Resistance Takes Root: Rebellion in Turkey’s Taksim Square

By İnci Stan, reporting from Istanbul

Things started to change in Taksim Square in Istanbul, Turkey a year ago May 27 2013. This time the demonstrations were not about Kurdish people’s rights, education fees or a specific person. The initial protest in Istanbul was about saving a park and its trees. An affluent man wanted to build a new shopping center to earn more profits, and to do so he would have to pave over the expansive Gezi Park.

The less nature there is, the more important it is. In Turkey, especially in Istanbul, a busy city of 16 million people, you can see lots of people hanging out on grassy knolls near freeways trying to find something besides pavement. Smelling and breathing the fumes of thousands of cars a few feet away shouldn’t be the only access to nature. Of course people don’t prefer to hang out there, but finding a green area is not easy in this city. That is why we and Istanbul cannot allow or afford to lose any more trees and nature as Istanbul is not in need more shopping centers, parking lots, and apartments.

Protests are a part of regular life in Istanbul. If you are a tourist, you might see more than 5 protests in the same day. Everyone thought that the police would come and the demonstrations would be over as usual. The police came and harassed the demonstrators but this time they didn’t leave. Despite the Turkish police using gas and water hoses, the park was still full of people. Not just the stereotypical Turkish protester but every kind of person was there: high school students, elderly people, taxi drivers, prostitutes, artists, homosexuals, children, elites, Kurds, tourists, Muslims, intellectuals, etc. All sorts of different people were uniting behind a common goal. The goal was not just about saving a park anymore — the goal was to change the government, the power structure, and the system.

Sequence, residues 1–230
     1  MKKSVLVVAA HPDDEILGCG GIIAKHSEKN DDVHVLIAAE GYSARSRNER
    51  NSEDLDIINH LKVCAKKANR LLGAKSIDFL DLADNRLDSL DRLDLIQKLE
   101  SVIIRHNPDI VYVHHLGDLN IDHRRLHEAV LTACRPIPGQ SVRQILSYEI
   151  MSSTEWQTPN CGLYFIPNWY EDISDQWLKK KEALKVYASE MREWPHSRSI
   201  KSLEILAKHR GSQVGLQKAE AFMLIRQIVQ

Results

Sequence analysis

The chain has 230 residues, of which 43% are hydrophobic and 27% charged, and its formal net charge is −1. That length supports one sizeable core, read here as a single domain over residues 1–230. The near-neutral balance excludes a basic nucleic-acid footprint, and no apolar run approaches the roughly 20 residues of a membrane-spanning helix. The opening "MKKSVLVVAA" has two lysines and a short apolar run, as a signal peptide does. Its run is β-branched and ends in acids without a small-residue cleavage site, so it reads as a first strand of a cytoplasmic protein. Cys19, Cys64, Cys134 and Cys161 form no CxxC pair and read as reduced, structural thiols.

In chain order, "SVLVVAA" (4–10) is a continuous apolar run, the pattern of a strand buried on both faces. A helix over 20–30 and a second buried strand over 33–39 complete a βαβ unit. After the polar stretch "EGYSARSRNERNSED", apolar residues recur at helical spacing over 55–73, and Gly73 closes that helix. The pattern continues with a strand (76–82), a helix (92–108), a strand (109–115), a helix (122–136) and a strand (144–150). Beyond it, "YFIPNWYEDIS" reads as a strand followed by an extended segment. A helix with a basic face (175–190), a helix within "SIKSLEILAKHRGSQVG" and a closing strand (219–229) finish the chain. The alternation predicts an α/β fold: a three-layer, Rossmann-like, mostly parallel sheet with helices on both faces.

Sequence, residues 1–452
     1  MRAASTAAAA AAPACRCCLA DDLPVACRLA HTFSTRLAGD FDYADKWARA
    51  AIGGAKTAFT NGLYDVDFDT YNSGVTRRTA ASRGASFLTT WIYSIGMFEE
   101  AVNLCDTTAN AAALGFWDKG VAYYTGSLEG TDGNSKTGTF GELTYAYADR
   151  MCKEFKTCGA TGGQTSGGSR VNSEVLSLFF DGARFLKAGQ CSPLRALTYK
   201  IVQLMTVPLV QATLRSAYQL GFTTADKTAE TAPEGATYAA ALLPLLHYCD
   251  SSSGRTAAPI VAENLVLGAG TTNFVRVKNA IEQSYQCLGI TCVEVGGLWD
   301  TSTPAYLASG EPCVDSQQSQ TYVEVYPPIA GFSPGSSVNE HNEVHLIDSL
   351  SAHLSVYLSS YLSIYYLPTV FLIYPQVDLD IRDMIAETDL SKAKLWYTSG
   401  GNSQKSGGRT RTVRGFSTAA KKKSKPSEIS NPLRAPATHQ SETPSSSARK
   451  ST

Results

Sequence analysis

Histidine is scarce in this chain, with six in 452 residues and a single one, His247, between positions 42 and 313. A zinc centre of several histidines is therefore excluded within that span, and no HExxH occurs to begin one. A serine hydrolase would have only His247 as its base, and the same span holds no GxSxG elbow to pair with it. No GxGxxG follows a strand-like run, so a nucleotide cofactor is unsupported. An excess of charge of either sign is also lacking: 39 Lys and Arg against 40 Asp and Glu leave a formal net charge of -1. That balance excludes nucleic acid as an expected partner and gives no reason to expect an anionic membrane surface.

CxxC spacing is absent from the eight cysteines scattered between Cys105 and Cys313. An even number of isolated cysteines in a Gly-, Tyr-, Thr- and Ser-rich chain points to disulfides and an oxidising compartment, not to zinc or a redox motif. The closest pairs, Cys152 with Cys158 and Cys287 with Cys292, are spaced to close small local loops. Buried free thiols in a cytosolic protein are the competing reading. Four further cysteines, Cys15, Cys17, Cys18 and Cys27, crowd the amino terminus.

Nobody could have foreseen this reaction. Turks as a people are afraid of protesting because of our bad collective memory of demonstrations in the 70s when many people were killed for speaking out. While younger people might not remember, our parents certainly do because they lived through those horrible days. What made people of all generations dare to protest while disregarding their fear of being killed for standing up? Perhaps because this time it was about the environment and excess development which is impossible to ignore. People demanded a humane life free from domination by a government that many Turkish people consider a dictatorship. Every hour the protest became more and more powerful.

Together we built a free zone in the center of the city in which there were no police. People were sharing. We built a library, held concerts, practiced yoga, offered workshops, handed out free food, made art, and welcomed varied political ideas, sexual identities and religions. All of this wasn’t easy. Dedicated anarchists constructed barricades around the park and fought against the police day and night. They were not violent to anyone directly, but they were willing to defend themselves. During the fighting, 6 young protesters were killed by the police. More than 8000 people were injured because of gas, water, and rubber bullets. The government pushed and attacked the protesters for hours. The stress of being abhorred by the populace caused at least 5 police officers to commit suicide.